At the start of the PlayStation 2â€™s existence, there was a game released called Shadow of Memories. It has faded into obscurity, which is a damn shame because this adventure title was an excellent and original little affair that was concentrated and cerebral. The reason I bring up Shadow of Memories is because I was constantly reminded of the title when playing Game Republicâ€™s Folklore. Thatâ€™s not to say that Folklore and Shadow of Memories are cut from the same cloth; Folklore has a larger focus on action. However, like Shadow of Memories, Folklore is an original game that is a refreshing breath of fresh air in a world where setting Call of Duty outside of World War II is considered an innovation.
The game is based on Irish mythology (although with a Japanese twist), and it is surprisingly dark. The game involves two characters, Ellen and Keats, who arrive at the village of Doolin for different reasons. Ellen has come because her deceased mother has seemingly written her a letter and Ellen, who remembers little about her past, would really like to piece this altogether and find some sort of closure. Keats, who works for an Occult Magazine, arrives at the village after receiving a cryptic phone call informing him that faeries are up to their old tricks again. Ultimately, it all ends up with both characters journeying into a place known as the Netherworld in an attempt to uncover the truth.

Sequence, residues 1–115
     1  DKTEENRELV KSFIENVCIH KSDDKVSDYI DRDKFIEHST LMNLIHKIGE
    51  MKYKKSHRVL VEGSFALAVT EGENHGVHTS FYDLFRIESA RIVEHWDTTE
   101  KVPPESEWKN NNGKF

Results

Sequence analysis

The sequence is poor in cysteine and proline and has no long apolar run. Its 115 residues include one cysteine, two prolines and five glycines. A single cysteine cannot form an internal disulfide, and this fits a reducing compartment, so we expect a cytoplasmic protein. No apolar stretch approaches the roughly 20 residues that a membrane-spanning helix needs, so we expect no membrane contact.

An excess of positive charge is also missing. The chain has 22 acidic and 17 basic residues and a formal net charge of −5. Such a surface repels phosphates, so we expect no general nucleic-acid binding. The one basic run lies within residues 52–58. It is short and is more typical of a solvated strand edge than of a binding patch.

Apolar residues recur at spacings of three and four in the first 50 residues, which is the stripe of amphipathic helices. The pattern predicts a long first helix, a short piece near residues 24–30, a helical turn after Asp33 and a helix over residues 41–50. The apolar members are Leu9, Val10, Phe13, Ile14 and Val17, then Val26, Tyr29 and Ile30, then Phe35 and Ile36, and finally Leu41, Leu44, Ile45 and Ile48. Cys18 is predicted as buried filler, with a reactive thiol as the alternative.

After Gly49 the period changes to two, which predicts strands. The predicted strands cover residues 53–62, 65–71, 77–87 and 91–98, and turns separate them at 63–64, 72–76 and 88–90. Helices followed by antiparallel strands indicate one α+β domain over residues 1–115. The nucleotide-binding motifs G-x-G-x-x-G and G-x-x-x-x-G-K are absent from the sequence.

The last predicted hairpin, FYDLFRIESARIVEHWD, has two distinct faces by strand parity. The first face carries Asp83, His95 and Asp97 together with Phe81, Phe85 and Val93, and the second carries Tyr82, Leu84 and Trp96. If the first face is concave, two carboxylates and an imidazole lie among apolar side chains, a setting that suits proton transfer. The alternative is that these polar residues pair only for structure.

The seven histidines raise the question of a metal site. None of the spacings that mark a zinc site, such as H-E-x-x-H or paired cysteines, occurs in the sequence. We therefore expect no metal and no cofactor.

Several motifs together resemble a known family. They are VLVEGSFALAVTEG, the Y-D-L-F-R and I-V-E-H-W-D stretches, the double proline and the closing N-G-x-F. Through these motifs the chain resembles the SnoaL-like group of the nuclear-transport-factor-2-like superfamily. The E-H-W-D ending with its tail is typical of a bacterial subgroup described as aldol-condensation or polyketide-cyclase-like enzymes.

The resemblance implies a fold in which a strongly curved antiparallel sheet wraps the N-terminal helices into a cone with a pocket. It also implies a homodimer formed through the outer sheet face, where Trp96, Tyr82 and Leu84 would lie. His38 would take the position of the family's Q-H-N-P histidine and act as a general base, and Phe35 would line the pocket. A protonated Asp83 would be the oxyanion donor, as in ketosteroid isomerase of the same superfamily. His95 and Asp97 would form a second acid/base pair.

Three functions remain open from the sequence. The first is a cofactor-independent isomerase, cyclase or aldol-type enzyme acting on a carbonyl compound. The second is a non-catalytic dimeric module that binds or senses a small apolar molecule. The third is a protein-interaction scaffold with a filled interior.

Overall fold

Folklore really comes in two parts. One part is the adventure side of things, which requires players to run around the little Irish village talking to the townsfolk and collecting information about an event that happened 17 years ago. The adventuring isnâ€™t really that deep, and the characters all appear a little two-dimensional at first, but as the story progresses everything becomes a little bit deeper than youâ€™d expect. It can get a little repetitive, and at times it almost feels like a chocolate wrapper that you must remove each time to get to the sweet, gooey goodness underneath, but itâ€™s never a chore, and the village hub can often serve as a refreshing breather from the bizarre Netherworld.